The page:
Can the company Harvey Weinstein founded survive his scandal?

Source:   —  October 12, 2017, at 11:30 PM

Can the Weinstein Co. survive in the wake of the Harvey Weinstein scandal? Right presently it'south an open question, even among the 200-odd staffers at the company.

Can the company Harvey Weinstein founded survive his scandal?

Can the Weinstein Co. survive in the wake of the Harvey Weinstein scandal? Right presently it'south an open question, even among the 200-odd staffers at the company.

The two men presently running the firm, Weinstein'south brother Bob and the company'south president David Glasser, could be the following out the door, a company official and two Hollywood executives told CNN.

The two Weinstein Co. executives are coming below severe scrutiny because some of the allegations of misconduct by Harvey Weinstein date back decades, which raises the question: Why didn't people in a position to know do more?

Bob Weinstein is the company'south co-founder and Glasser is the chief operations officer.

Other Weinstein Co. executives and people near to the company are deeply concerned about the likelihood of lawsuits against the company.

"This is only going to obtain worse," a studio chief told CNN.

The studio chiefs and executives who spoke for this legend are in regular contact with Weinstein Co. about film and television projects. Some of the company'south partners, love Amazon, are rethinking their deals for future shows and films.

The company is "below siege," a senior staffer said.

On Thursday, a Weinstein-branded book imprint at Hachette was disbanded, effecting about ten books a year. The books will still be published by Hachette without the Weinstein name.

Late Thursday, there was a fresh sign of the creative community withdrawing from Weinstein Co. Quiara Hudes, the playwright who's adapting "In The Heights" as a movie, expressed regret that the project is set up at Weinstein. She said in a statement, "I hope Weinstein Company has sufficient grace, in the wake of these allegations, to respect my stand as a woman, and to authorize us to extricate 'In The Heights' from them."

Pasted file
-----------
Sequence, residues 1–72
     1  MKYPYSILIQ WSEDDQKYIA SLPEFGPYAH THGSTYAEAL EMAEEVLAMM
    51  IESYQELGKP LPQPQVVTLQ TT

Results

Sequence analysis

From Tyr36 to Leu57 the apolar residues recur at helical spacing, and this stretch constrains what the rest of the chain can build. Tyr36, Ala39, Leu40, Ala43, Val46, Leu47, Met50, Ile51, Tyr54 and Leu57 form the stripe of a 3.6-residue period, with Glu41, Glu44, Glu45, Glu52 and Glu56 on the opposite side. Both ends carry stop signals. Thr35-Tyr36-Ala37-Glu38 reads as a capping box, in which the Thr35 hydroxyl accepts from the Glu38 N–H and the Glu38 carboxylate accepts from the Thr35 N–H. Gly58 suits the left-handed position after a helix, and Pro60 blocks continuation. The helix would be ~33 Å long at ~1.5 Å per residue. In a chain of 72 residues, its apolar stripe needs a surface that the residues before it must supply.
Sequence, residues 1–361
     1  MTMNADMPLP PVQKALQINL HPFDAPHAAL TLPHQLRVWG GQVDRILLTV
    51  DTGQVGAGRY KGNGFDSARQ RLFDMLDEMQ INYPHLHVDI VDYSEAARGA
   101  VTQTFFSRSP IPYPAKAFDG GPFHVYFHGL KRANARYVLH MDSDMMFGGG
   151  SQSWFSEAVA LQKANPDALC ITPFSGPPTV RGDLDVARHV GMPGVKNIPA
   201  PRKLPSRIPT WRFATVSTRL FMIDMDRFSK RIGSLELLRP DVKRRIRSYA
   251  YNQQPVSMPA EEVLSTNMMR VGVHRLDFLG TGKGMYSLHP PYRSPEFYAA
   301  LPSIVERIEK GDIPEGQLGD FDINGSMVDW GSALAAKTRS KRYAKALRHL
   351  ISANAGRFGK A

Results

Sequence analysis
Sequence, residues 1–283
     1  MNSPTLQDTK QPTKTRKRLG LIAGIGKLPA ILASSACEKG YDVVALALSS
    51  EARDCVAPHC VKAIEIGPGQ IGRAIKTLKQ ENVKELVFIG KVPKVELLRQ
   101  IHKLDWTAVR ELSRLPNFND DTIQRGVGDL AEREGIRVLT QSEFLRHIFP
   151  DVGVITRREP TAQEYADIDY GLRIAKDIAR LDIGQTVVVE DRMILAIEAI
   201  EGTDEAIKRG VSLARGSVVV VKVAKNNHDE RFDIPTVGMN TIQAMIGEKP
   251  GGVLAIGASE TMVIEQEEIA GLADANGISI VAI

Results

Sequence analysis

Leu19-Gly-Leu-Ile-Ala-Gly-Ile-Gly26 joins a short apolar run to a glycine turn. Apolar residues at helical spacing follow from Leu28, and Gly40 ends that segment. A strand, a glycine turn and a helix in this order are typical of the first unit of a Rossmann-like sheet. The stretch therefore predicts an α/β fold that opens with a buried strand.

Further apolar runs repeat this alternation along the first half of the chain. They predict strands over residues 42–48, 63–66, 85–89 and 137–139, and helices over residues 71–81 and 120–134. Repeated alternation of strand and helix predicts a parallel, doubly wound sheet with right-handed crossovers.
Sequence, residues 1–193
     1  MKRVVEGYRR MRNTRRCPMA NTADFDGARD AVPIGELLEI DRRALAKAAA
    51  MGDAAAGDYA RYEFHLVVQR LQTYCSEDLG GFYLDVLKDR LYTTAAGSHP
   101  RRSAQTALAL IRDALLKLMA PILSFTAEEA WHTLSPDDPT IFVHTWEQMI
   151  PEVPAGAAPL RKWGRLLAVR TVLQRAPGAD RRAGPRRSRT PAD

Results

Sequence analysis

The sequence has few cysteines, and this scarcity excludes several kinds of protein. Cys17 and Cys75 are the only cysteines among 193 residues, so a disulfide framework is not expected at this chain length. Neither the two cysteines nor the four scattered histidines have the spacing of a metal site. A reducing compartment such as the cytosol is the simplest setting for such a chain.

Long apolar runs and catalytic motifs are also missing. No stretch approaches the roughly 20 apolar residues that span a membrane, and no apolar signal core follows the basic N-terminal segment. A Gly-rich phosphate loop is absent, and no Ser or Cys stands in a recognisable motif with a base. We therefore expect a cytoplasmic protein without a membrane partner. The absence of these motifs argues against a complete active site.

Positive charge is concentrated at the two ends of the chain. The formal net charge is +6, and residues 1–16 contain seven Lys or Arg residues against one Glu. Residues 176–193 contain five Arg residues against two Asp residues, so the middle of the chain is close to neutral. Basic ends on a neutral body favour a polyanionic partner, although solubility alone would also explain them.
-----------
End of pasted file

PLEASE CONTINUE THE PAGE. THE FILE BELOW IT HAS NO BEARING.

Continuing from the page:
Hudes said the play "deserves a fresh start in a studio where I'll perceive secure (as will my actors and collaborators)."

As for TV shows, an executive at a network said their company is "still deciding" how it'll handle ongoing projects with Weinstein Co.

"There is number studio without Harvey," the executive said. "The creative vision is gone."

But the company already has several films in the pipeline, including "The Current War," coming out this fall, and "Paddington two," in January.

An expected title modify is intended to delete the Weinstein affiliation. But lawsuits and lingering questions about complicity could haunt the company for years.

Top Hollywood executives are talking amongst themselves about the opportunity of a new CEO being hired from the outside, or even a sale of the wounded company.

The NY Times reported on Wednesday "that the company has been grappling with Mr. Weinstein'south behavior for at minimum two years."

Bob Weinstein and Glasser didn't reply to requests for comment. The board has generally denied knowing about Weinstein'south "extreme sexual misconduct," but hasn't responded to specific questions.

Finger-pointing is presently well underway. One of Weinstein'south attorneys, David Boies, went on the record with The Times and said the company'south board of directors knew in two thousand-fifteenth about three or four of Weinstein'south settlement payments. At the time, Weinstein'south employment contract was being renegotiated.